The unexpected Korean War on June 25, 1950 is documented as one of the most complicated affairs for the United Nations. In 1947, two years after World War 2 ended, the Koreas were politically split into two: the USA held down the South, and Russia ran the North. What ensued over the next three years would be a troublesome case of fruitless meetings and failure to see eye-to-eye. By the end of 1948, two separate countries were finally formed.
While the south was on the verge of being wiped out in the first few weeks, they were pushed to retreat to the Nakdong River defense line. This operation known as the Nakdong River Defense Battle successfully defeated the communist troops who came to put an end to democratic nations. You can even say that the Nakdong River saved the Republic of Korea from falling into the hands of communism. Had it not been for the help of foreign soldiers and Koreans working in unison to utilize the river, who knows if South Korea would even exist today. Though many lives were lost, they didn’t perish in vain. The actions that took place drastically reduced the number of casualties.
The Nakdong River Victory Memorial Hall is a dedication to the strength of unity and democracy that reigned during the Korean War. This cultural-educational space elicits historical awareness and the realization of the tragedy that goes along with it; a constant reminder not to forget the brave soldiers who were killed in action on the battlefield.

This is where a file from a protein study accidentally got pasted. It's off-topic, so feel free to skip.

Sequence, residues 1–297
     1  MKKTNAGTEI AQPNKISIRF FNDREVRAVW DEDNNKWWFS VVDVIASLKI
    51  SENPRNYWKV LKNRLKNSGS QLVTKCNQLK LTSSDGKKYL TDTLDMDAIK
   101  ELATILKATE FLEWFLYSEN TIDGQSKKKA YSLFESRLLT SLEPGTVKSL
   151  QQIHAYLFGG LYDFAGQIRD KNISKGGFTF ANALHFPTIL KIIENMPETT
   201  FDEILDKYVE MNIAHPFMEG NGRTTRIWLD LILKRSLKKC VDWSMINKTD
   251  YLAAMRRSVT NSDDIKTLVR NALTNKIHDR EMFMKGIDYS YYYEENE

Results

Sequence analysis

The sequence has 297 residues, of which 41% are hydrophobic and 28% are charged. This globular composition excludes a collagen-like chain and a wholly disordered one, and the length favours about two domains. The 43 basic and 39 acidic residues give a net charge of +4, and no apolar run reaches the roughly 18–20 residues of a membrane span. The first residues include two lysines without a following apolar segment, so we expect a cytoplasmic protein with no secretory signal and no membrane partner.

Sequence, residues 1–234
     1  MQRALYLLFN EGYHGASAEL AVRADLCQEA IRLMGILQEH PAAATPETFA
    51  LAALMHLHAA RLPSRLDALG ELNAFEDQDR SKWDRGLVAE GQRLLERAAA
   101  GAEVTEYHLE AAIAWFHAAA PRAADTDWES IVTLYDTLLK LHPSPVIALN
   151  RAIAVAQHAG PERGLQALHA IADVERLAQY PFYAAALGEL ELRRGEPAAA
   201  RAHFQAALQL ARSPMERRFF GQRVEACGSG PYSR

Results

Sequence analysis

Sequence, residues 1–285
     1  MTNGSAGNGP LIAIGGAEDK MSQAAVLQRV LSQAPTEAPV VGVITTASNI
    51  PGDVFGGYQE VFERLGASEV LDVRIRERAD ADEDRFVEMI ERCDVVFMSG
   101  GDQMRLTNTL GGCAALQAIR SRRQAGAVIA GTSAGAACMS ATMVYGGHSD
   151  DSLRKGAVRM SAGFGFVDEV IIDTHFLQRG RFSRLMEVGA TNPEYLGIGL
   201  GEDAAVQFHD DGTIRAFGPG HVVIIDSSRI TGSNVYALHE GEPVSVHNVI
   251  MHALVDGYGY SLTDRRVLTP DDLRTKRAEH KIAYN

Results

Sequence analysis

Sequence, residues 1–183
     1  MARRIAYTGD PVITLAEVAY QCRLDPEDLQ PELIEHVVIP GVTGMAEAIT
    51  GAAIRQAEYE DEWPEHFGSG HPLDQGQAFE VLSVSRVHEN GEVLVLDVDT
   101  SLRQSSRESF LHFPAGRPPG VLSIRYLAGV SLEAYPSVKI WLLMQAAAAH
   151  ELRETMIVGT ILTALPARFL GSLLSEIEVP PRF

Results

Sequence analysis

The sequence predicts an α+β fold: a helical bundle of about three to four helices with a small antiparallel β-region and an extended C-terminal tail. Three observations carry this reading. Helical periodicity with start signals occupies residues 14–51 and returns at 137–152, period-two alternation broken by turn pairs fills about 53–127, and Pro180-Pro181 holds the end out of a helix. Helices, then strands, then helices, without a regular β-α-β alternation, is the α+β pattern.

Outside are several armored vehicles and weapons that have been operated by the Korean Army over the past decades.
More than 200,000 volunteer student soldiers took combat weapons to the battlefield wearing their school uniforms. At the time, the Korean Student Volunteer Army Camp was located near Daegu Station and it was there where students went to enlist for combat. Many of them requested to be placed at the Nakdong River, but all-in-all they successfully fought at numerous battles in Daboodong, Youngcheon, Hyunpoong, and Pohang as well. When they were ordered to return to school, about 100,000 of them refused to. Instead, they opted to get official military serial numbers and continue their loyal services. In the end, 7000 of them perished for the sake of freedom of the country.
In this memorial hall, you will not only learn about the Nakdong River Battle, but you can also see the countries that help the South, learn Korean geography, see relics and weapons used in the war, send letters to veterans, see how South Korea rebuilt itself from the dirt, and enjoy the photo zone.